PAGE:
How to Find the Perfect Summer Job
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Tuesday, February 13, 2018
By Twelfth+Grace
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As the weather turns warm, and it is nearing the end of the school year, you may be considering taking a summer job. For many students, a summer job allows them to fund necessities like a cell phone, car insurance, gas, or fun outfits, and for others, it can go towards things like dorm room decor, books for college classes, or other expense. Still others are going to be saving for college and preparing to work part time while in school, since it can lower the amount of student loans you need to take out if you can work while going to school. While working part time isn't for everyone, it can definitely be a worthwhile and helpful way to spend the summer months. So how do you find a great summer job? Here's a few tips:

  • Check what you need before you start searching: Most states vary on what they require you to bring to an interview or application, but it never hurts to begin gathering up things like proof of citizenship, different forms of ID, work papers, and checking to see the minimum age requirements in your area. You want to be sure you are ready to present the paperwork they might need to expedite the process.
  • Take a look at your schedule and make sure you can take on a job: If you are planning to travel a lot during the summer, or your family has many special events planned like weddings or parties, be sure you will not need to take a lot of time off. Most employers need you to work steadily, especially if you're a short term worker, and taking so much time off could result in reprimands or damage your work history. Be sure you're ready to commit to the work schedule that might be required from you!
  • Begin with your resume: If you've never built a resume before, pull in someone experienced like a parent or family friend. Have them show you an example, and begin listing out your accomplishments and volunteer experience. If you've never worked in a traditional job before, that's okay. Be sure to include relevant experience where you reported to someone else (such as school leadership) or when you successfully accomplished a task over time (baby-sitter, working at your church or youth group) and show anything that represents long-term commitment. Add in references (always ask someone before you list their contact as a reference for you) that are relevant to the job position.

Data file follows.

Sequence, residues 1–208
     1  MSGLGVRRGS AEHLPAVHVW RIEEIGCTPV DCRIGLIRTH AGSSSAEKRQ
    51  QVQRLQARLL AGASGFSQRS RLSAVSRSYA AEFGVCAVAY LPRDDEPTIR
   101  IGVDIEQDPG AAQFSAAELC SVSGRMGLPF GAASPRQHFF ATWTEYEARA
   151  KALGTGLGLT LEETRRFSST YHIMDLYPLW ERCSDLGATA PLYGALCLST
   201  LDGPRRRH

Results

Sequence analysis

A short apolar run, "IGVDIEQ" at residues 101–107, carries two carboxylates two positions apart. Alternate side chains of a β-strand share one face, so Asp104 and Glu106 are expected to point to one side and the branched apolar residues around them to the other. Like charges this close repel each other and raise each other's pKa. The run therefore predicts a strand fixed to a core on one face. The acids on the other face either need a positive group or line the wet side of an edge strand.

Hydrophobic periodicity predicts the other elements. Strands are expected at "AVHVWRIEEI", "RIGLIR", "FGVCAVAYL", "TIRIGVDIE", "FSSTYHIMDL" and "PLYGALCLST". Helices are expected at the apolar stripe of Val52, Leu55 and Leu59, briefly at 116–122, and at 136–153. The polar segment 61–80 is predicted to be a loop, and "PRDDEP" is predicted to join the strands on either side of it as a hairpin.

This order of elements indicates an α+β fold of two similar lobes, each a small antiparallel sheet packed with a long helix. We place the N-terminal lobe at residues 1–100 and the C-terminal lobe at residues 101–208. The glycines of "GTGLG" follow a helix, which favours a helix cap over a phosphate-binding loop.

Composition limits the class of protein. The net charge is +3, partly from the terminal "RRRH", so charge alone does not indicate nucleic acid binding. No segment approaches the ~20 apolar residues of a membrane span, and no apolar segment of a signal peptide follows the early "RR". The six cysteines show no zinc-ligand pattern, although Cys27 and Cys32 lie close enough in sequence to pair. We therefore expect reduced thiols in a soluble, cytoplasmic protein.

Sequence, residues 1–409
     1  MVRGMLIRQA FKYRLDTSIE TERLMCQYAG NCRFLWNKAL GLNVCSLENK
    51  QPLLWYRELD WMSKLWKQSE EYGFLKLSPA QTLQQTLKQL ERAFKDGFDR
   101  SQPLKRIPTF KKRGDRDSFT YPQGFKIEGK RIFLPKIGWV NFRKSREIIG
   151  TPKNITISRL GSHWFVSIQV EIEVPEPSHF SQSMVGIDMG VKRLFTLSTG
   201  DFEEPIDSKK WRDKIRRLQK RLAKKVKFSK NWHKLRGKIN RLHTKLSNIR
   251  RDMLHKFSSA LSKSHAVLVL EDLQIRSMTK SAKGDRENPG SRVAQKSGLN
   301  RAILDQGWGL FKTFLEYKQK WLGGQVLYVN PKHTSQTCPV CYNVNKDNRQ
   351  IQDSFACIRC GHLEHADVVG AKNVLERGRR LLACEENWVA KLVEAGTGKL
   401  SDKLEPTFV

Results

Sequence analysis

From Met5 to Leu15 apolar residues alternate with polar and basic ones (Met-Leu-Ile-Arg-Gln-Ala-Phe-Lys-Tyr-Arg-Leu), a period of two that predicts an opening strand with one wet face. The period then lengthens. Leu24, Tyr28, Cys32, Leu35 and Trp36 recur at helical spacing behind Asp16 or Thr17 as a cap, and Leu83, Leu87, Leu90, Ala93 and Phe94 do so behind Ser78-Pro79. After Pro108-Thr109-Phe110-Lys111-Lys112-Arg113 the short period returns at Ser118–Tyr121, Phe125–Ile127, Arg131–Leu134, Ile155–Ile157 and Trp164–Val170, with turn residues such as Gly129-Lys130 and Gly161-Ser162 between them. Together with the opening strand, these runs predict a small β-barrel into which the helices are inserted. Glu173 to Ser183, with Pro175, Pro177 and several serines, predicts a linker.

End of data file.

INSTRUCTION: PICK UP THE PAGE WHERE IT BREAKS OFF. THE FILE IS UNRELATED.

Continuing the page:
• Focus your attention on jobs that interest you and are something you enjoy: While sometimes you may have to take a job you don't LOVE, it's good to start looking at things you enjoy. If you like fashion, you may try the local mall or departments stores, which often hire young people for summer jobs. If you like working with your hands, try a factory or tangible job, and if you like to be outdoors, look at teaching hiking or outdoors classes. Other options would be nannying, working at a preschool or summer camp, and similar jobs if you enjoy working with children. 
  • If you're having trouble finding jobs, try asking around to family and friends, on Facebook or social media (be sure to ask your parents to make sure this is a safe idea, and never meet with an employer by yourself that you do not know!). Word of mouth is one of the best ways to find out who is hiring. Job sites like Indeed and Craigslist are also good resources, but can be filled with scams or other objectionable things, so make sure to be safe! 
  • Don't forget to manage the money you do make: Be sure you are filing your tax status correctly, as it can affect how much you may owe or need to pay later on. It is better to check this before it becomes an issue.

Happy job hunting! 

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